19. @Interceptor121 And that's where I believe your argument breaks down... There are more young people trying to capture their experiences as they explore the world than any previous generation. That includes underwater... There will continue to be more people wanting to capture these experiences (using whatever can out innovate GoPros, phones, etc.) than not. One clear difference is that many will try to capture these experiences in video, as this medium translates better for casual viewers. the world is changing... so is how people want to capture their experiences.
  20. I regularly shoot non-rechargeable AA's (Energizer or Duracell) in my Inons (Z330's, and previously, Z240's). I get 4 dives easily from fresh batteries, and have pushed it to 5 or 6 depending mostly on if I remember to swap out the batteries at the beginning of the day or not. Stopped traveling with battery chargers several years ago - always pack my batteries in & out (recycle at home), due to reliability issues with rechargeable batteries, and the need to recharge frequently.
  21. @Interceptor121 You missed the point. There are 00's of young(er) travel-oriented individuals that are post-processing their images before posting them. Recently there was a survey published within the travel industry that showed that upwards of 85% of images posted to "influencer" instagram accounts were post-processed before posting. In device and out of device processing is not going away - it will only grow... the challenge is the evolution of the devices that take the initial images will continue to move away from what we are used to (or likely want).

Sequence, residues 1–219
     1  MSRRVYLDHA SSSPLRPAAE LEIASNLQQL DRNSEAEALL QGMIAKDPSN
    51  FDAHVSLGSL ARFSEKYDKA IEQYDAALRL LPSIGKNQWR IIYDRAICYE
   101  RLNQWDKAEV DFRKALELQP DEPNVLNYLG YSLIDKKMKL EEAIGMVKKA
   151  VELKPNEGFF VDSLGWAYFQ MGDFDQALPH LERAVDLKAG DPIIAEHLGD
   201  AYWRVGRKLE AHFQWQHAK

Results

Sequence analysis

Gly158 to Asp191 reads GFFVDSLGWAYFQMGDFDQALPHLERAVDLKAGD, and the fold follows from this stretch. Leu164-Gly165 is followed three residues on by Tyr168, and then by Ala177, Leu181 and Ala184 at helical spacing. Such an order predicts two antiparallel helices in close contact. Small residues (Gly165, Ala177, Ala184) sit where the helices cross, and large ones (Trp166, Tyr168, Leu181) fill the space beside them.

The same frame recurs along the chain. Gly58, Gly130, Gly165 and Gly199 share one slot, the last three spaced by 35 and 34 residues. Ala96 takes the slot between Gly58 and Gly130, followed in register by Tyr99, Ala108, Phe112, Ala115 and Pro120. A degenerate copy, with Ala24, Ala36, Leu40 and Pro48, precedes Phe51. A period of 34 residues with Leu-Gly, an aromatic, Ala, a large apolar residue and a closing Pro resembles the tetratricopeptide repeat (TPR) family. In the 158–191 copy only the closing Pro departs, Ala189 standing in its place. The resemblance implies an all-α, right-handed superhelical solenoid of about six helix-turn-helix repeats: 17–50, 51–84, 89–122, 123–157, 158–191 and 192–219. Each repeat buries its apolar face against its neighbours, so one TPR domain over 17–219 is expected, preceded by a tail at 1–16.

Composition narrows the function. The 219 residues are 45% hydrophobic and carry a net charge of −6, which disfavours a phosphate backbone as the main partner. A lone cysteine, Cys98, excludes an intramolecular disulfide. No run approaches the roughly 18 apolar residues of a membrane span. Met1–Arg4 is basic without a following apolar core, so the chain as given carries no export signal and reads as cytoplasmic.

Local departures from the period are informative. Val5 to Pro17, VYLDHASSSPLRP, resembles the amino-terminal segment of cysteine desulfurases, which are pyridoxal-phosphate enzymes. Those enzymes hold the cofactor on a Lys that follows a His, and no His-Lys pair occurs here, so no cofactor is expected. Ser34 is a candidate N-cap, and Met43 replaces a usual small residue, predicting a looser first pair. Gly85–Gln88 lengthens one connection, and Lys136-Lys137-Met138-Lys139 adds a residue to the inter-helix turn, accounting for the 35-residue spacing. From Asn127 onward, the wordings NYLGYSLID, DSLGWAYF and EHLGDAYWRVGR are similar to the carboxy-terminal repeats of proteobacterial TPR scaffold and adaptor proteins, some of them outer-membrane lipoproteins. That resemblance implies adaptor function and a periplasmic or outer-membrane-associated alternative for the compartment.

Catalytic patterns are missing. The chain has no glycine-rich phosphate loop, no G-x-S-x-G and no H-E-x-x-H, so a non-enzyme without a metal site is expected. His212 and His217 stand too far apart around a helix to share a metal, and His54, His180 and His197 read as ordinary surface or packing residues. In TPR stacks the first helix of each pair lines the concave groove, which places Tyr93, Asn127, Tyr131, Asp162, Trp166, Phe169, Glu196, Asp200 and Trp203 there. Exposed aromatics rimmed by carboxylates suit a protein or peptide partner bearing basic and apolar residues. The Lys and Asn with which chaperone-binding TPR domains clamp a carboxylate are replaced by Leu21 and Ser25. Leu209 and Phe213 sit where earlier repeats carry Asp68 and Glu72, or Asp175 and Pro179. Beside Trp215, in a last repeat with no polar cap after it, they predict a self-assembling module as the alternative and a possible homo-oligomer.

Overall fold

22. Parts of the Caribbean are opening up (as are the Bahamas). French Polynesia is also opening up on July 15th. Hawaii is also opening up for external visitors starting at the beginning of August. The bigger question isn't where will you be able to dive, but rather - are you really willing to sit on a plane with a bunch of other people for numerous hours, risking infection from people you don't know? Doc friend of mine has seen severe scarring of the lungs in several (younger, <45 yrs old) patients that were hospitalized. Risk getting infected now and you might not be able to dive for months (if not years).
  23. Been to the Mergui Archipelago twice for diving (first time was 17 years ago). Both times the boat left out of Phuket. Easy to access as a starting point - Phuket can be reached from a number of the major S.E. Asian flight hubs. Both trips started with easy diving in the Similan Islands then both times made entry just over the Myanmar border where they checked passports and then added a Myanmar "host" (who spent the entire time on the boat drunk drinking cheap Thai beer). Diving was good to very good, however there were signs of fish bombing in a number of areas. The dive spot covered with carpet anemones was one of those locations - big fish will float up when their swim bladders are ruptured, but many of the smaller fish sink, and we found dozens of anemones feeding on smaller fish that fell into their grasp. Silvertip Point didn't disappoint but I've heard most of the sharks are gone now, however the large cuttlefish should still be there. The region is worth a visit, but there are now 5-6 boats making the trip (in season) every week, so not quite as "undiscovered" as it once was.